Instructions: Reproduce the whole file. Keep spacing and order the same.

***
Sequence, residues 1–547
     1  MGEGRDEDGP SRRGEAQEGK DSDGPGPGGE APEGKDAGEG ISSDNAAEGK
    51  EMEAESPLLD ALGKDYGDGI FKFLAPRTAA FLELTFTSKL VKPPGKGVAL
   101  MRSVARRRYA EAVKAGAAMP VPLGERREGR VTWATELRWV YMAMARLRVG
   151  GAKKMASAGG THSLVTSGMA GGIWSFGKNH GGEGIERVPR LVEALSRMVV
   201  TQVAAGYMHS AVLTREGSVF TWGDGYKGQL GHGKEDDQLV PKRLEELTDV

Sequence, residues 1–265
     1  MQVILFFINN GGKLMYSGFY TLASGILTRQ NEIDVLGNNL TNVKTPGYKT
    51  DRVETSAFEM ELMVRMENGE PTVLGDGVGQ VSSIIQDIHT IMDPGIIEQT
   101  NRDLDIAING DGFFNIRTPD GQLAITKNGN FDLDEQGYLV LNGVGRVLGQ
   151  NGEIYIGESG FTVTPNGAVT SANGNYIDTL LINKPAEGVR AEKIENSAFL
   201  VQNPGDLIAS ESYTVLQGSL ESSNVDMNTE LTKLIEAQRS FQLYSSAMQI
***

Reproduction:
Sequence, residues 1–547
     1  MGEGRDEDGP SRRGEAQEGK DSDGPGPGGE APEGKDAGEG ISSDNAAEGK
    51  EMEAESPLLD ALGKDYGDGI FKFLAPRTAA FLELTFTSKL VKPPGKGVAL
   101  MRSVARRRYA EAVKAGAAMP VPLGERREGR VTWATELRWV YMAMARLRVG
   151  GAKKMASAGG THSLVTSGMA GGIWSFGKNH GGEGIERVPR LVEALSRMVV
   201  TQVAAGYMHS AVLTREGSVF TWGDGYKGQL GHGKEDDQLV PKRLEELTDV

Sequence, residues 1–265
     1  MQVILFFINN GGKLMYSGFY TLASGILTRQ NEIDVLGNNL TNVKTPGYKT
    51  DRVETSAFEM ELMVRMENGE PTVLGDGVGQ VSSIIQDIHT IMDPGIIEQT
   101  NRDLDIAING DGFFNIRTPD GQLAITKNGN FDLDEQGYLV LNGVGRVLGQ
   151  NGEIYIGESG FTVTPNGAVT SANGNYIDTL LINKPAEGVR AEKIENSAFL
   201  VQNPGDLIAS ESYTVLQGSL ESSNVDMNTE LTKLIEAQRS FQLYSSAMQI